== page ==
A 45-year-old Dumont man was forced to forfeit his position as a Hoboken police officer after he and his wife were found guilty of collecting $187,000 by lying on superstorm Sandy relief applications, authorities charged.
Nikola Lulaj and Majlinda Lulaj, 32, falsely claimed in their applications that their home in Seaside Heights -- which was damaged by Superstorm Sandy -- was their primary residence at the time the disaster struck, New Jersey Attorney General Gurbir S. Grewal said.
Their primary residence, however, was in Dumont, and the Seaside Heights home was a rental property, the attorney general said.
The couple -- who have since moved to the Seaside Heights home -- was convicted by an Ocean City jury of of second-degree conspiracy, second-degree theft by deception, and six counts of fourth-degree unsworn falsification, Grewal said.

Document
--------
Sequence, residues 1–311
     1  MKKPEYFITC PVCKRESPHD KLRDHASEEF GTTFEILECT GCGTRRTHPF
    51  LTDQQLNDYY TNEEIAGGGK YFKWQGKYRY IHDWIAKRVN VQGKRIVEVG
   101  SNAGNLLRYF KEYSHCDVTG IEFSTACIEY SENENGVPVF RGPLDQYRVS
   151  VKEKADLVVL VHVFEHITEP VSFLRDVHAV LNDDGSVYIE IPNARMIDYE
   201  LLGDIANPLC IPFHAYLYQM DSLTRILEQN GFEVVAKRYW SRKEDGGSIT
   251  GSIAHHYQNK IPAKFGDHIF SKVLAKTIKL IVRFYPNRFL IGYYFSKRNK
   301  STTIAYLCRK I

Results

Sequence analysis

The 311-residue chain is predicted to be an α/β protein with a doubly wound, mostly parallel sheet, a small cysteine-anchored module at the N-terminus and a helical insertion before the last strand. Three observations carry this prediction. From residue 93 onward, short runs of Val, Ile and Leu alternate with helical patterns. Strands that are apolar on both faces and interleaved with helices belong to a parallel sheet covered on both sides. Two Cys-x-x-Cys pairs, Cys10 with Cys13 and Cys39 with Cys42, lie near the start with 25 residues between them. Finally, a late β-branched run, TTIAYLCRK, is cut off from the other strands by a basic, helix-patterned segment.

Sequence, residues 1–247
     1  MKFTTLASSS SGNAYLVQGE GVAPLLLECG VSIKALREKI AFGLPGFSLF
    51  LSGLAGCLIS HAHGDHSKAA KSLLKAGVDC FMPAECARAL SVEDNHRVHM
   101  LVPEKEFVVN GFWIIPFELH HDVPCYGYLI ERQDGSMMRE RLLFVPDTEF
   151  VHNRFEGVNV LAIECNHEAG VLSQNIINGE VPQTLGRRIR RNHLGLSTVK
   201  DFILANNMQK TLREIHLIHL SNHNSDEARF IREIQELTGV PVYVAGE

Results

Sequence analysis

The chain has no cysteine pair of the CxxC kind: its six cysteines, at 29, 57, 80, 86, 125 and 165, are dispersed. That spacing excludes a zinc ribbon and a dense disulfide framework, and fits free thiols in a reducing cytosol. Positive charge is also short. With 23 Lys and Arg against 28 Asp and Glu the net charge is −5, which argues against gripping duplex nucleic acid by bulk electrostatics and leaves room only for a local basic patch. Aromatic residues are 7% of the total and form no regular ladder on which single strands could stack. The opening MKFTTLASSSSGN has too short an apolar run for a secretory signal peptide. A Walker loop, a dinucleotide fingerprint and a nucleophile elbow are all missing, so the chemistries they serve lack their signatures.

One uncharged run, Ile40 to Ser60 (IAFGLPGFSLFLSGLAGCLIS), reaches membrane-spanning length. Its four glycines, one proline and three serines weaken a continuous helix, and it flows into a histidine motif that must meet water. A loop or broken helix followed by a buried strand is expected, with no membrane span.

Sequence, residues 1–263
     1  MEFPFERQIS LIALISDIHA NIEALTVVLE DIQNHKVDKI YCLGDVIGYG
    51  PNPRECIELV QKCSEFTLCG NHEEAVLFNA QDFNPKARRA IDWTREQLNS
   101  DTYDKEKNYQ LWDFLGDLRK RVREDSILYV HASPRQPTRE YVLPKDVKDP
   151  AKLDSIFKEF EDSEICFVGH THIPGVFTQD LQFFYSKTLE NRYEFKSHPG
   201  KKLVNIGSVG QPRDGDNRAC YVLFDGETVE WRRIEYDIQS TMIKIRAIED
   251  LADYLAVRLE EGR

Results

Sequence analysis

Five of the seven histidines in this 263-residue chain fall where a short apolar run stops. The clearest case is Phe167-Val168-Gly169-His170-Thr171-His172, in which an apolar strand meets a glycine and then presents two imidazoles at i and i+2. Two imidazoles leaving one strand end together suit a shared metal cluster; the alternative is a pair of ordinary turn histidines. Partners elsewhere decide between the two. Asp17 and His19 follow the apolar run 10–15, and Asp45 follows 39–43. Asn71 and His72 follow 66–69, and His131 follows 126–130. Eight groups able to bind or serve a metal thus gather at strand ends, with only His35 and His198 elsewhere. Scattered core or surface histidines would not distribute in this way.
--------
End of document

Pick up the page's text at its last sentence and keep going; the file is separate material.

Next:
“For a police officer to commit this type of fraud is particularly egregious, because officers take an oath to uphold the law and we rightly hold them to the highest standards,” Grewal said. “When disaster strikes, we cannot allow dishonest applicants to divert disaster relief funds from the intended recipients – namely, those victims whose primary homes were destroyed or damaged.”
As a result of the alleged fraudulent applications, the Lulajs received $2,820 from FEMA, $90,200 in SBA loan proceeds, a $69,054 RREM grant, a $10,000 RSP grant and a $15,000 SHRAP grant.
Sentencing will be in January.
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